The Mariners' GM discusses a variety of topics in his recent podcast and says that "heavy lifting" of putting together the projected roster is done.

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After a one-week hiatus, general manager Jerry Dipoto’s podcast “The Wheelhouse” is back with a new episode. Dipoto spent the holidays in Hawaii with his family. But he’s back in Seattle and talking baseball and his team with broadcaster Aaron Goldsmith. It wasn’t a particularly eventful episode in terms of news. But here’s a few notes.

*** Dipoto hinted that the Mariners’ roster is largely set with a just over 40 days before pitchers and catchers report to spring training.

“For the most part, the heavy lifting in putting together your roster is done — most years. And this year is not any different. The heavy lifting in putting our roster together is about done. We are putting together our invitation list for spring training and starting to line up who is going to meet us down in Peoria. We are trying to look at the survivors of the minor league free agent market and who you might be able to add on the periphery and gives you a chance to create more depth.”

Does that mean he’s playing coy and still shopping for a starting pitcher? No. At least, it sure doesn’t seem that way.  And this seems to follow past comments about not desperately searching for starting pitching.  Unless the market suddenly shifted and starting pitching became unexpectedly cheap, it seems like he’s sort of set with his rotation of James Paxton, Felix Hernandez, Mike Leake, Erasmo Ramirez and probably Marco Gonzales.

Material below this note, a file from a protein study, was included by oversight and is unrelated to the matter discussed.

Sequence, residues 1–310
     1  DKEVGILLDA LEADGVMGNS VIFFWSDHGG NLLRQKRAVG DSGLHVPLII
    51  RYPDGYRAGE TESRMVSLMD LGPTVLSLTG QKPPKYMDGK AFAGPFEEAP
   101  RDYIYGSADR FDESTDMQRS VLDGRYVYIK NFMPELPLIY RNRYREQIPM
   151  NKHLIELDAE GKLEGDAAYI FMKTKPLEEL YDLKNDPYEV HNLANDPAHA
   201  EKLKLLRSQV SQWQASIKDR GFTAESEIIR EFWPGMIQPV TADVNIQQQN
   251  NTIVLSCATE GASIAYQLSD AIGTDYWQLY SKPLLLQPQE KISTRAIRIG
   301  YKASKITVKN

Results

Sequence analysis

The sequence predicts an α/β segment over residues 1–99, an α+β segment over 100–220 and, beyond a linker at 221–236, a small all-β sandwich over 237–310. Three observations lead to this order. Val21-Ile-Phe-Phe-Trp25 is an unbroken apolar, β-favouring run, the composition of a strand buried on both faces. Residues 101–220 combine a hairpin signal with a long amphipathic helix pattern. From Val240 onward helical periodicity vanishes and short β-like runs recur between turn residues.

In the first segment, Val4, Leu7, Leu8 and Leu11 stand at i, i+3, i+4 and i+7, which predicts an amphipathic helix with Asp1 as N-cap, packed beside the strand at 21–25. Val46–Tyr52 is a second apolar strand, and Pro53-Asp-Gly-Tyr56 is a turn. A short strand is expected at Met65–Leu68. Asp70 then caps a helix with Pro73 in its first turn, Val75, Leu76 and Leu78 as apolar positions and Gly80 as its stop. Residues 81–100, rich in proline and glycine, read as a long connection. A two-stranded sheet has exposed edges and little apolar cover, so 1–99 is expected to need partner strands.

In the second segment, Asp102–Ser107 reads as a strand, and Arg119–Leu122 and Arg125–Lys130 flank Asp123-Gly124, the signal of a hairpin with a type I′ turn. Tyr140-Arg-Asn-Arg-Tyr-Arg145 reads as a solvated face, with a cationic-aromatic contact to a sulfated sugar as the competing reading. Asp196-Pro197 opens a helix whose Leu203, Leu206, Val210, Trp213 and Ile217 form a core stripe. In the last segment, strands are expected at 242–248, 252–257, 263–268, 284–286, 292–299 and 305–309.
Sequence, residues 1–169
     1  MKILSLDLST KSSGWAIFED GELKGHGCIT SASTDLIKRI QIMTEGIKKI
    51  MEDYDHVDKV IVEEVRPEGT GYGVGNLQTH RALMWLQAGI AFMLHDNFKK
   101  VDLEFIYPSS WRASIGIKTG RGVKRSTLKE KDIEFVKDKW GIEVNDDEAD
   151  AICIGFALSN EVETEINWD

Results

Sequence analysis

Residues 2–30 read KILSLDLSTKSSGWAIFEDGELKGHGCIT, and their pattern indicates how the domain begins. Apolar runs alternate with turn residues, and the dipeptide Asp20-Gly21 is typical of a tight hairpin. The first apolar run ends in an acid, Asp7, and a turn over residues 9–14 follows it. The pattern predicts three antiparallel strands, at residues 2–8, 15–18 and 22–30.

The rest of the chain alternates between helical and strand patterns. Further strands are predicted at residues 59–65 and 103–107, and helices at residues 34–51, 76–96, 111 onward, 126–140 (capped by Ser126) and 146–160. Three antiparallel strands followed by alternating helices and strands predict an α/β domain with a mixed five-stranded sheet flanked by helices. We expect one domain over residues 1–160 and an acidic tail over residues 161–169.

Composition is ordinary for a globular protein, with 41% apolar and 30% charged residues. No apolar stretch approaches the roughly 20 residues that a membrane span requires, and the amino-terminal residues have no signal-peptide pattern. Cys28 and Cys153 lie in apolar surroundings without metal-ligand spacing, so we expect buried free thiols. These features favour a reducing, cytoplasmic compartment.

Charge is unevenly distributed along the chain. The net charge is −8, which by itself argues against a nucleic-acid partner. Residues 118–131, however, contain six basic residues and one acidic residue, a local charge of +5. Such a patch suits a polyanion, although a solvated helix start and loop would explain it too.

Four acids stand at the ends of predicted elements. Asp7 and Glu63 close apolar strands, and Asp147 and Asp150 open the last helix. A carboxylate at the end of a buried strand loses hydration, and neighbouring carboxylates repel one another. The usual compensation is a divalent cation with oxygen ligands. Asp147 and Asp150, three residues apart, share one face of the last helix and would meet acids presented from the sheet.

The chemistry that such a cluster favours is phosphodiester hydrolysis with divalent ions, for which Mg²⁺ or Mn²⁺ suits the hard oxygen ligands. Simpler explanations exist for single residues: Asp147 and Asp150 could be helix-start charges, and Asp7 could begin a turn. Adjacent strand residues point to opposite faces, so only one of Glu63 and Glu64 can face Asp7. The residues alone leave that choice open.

Speaking of the free agent market, Dipoto discussed a little of why it’s been so slow developing with so many bigger names still out there.

“There have been fewer free agents out there than in the past. You are seeing on social media that there have been a couple offers. Some of the things you’ve seen in the early months or at the midway point of this offseason market is that what Major League clubs have valued going in was the bullpen. And the bullpen guys were flying off the shelves. In a pecking order, teams went in with a series of wants and most of their wants existed in the bullpen. Those guys flew off the shelves at very high rates of pay and for longer contracts than is typically seen with the bullpen. And the rest of market is moving a little slower.

I also think what you are seeing is an element of — I hesitate to use the word ‘tanking’ but I will. If you’re intent is to rebuild through intentionally not winning games or not effectively trying to put the best team that you can on the field that generally shrinks the number of teams surfing through the free agent market. With a numbers of teams who have taken at least one, if not two or three steps back in their roster, I don’t think you are going to see a whole lot of aggression in the free agent market from those teams. Generally there are more and more of those teams with each passing year which leads to another series of points or discussions that we can have in terms of rebuilding. In this particular instance, I do think there is going to be a natural drag on the market on certain types of players. And what you did see, that the premium was paid for relievers because that’s what everyone has their eye on.”